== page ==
As prearranged, my sister, Sherri and her daughter, Samantha came to my door early in the morning two Fridays ago; Charlie, their Llasa Apso was leading the way from his red leash in Samantha’s hand. On their way out of town for some R & R in the Cumberland area in Tennessee, Charlie was to take up residence with me for the week they were to be away. Done up in his red collar and his “Late Summer Do,” he sashayed in, fluffy tail wagging excitedly. He’d been here before, you see – often when Sherri goes on vacation, Charlie hangs out with me.
At the click of the latch as Sherri and Samantha closed the door upon leaving, Charlie’s enthusiasm flagged and his face rose to mine, his upper lip curled into a snarl. “It’s okay, Charlie. See, here’s your red food bowl and your red water bowl (my sister color coordinates everything…she can’t help it…it’s in the family genes), and I’m putting them right here in their usual place,” I said to him reassuringly.
“Hrrmmph,” Charlie replied. Turning his tail-side to me, he took off in a trot through the rooms, his nose lowered and swaying back and forth against the floor like a mine sweeper. His investigation completed quite quickly, he returned to me, parked himself on my right foot, and looked up at me with a decided look of disgust on his face. “Hrrmmph,” he informed me again. In Charlie patois, “Hrrmmph” translates as “I’m mad at you.”
“I know, Charlie. You’re mad at me because I had that other dog here a couple of weeks ago…you can smell him, can’t you? But I couldn’t help it, Charlie, he’s my granddogger.”
“Hrrmmph,” Charlie rejoined, and he walked to his bowl that sat empty on the floor of the kitchen. “Mmmmmm,” he whined, which means “My belly is gnawing at my backbone!”
“Now Charlie, your mommy told me that you’ve already had your breakfast.”
“Hrmph!” he spat shortly, and lowered to his belly in front of his bowl, his mournful face resting on his front paws.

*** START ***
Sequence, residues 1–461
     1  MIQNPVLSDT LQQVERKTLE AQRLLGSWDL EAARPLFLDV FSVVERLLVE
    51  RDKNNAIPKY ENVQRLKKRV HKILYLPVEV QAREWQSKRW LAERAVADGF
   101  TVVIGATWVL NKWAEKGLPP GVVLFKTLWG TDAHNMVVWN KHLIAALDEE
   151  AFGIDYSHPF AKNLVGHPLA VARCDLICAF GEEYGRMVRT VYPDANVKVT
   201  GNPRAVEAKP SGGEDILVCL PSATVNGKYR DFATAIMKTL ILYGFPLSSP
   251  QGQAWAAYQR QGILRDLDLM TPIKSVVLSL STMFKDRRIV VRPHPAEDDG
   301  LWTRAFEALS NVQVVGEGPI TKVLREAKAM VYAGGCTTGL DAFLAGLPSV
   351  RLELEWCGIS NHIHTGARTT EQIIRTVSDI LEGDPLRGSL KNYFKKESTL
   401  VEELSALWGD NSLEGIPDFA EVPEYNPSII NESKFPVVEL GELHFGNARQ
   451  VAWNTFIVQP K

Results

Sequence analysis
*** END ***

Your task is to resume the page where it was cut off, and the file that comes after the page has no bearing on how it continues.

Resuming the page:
“I’m sorry, Charlie, but I have some computer work to do. So just make yourself at home, and we’ll talk later.”
“ERRRRRRRR!” Charlie growled. “I’m mad at you” had just escalated to “I HATE YOU!”
Repairing to my den, I sat before my laptop and logged onto my email. His toenails clipping on the planks of the wood floor in my hallway, Charlie made his grand entrance into the room, ears perked and red food bowl clutched in his jaws. Stopping abruptly in his tracks when I looked up at him, he dropped his bowl in the middle of the room and plopped to his belly again in front of it. “I told you, Charlie…no food now. Your reputation for finagling extra food from the uninitiated with your cute antics is notorious, but no deal this time. Will a treat get you off of my back for awhile, Charlie?” Springing to all fours again, he trotted to the kitchen and waited patiently for me to catch up. His big brown eyes sparkling with anticipation, he jumped up and caught his treat in his mouth when I tossed it to him. “Now, go back in the den and get your bowl. That’s right, go on now.” Taking a couple of tentative steps toward the hallway, he sat and turned to look at me defiantly over his shoulder. “I told you, Charlie. Go and get your bowl and put it back where it belongs.”
“Hrrmmph!” he responded and he walked slowly to my den. In a couple of minutes, he entered my kitchen with his bowl in his mouth. He dropped it on my right foot instead of putting it where it belonged, but that was good enough for me.
“Good boy, Charlie.” I returned to my work on my laptop. Charlie followed me. Charlie follows me everywhere when he stays with me. It’s in the breeding of Llasa Apsos to stick like glue to their masters and to protect them. When later in the evenings we watched television, Charlie’s protective instinct included dogs and other animals on the TV. Bolting from his favorite place on the back cushions of my sofa, he would charge the screen and bark and growl. One evening I thought he was going to eat my big screen TV. Then he would return to his place on the back of my sofa just behind my head and bury his nose in my hair. Llasa Apsos do this as a way of showing their affection.
Our tug of war over extra food vs a treat continued each morning, and each morning, only his treat would ensue. Despite his disappointment, he was a good sport about it, and he’d follow me to the sofa, where from his favorite perch, he’d bury his nose in my hair, and I’d know that Charlie and I were okay again.
What is your favorite breed of dog, and why?
Linda Lee Greene is the author of GUARDIANS AND OTHER ANGELS and co-author of Jesus Gandhi Oma Mae Adams. To read excerpts of Linda's current, and future books, log onto www.booksbylindaleegreene.gallery-llgreene.com.
Linda's online art gallery can be viewed at www.gallery-llgreene.com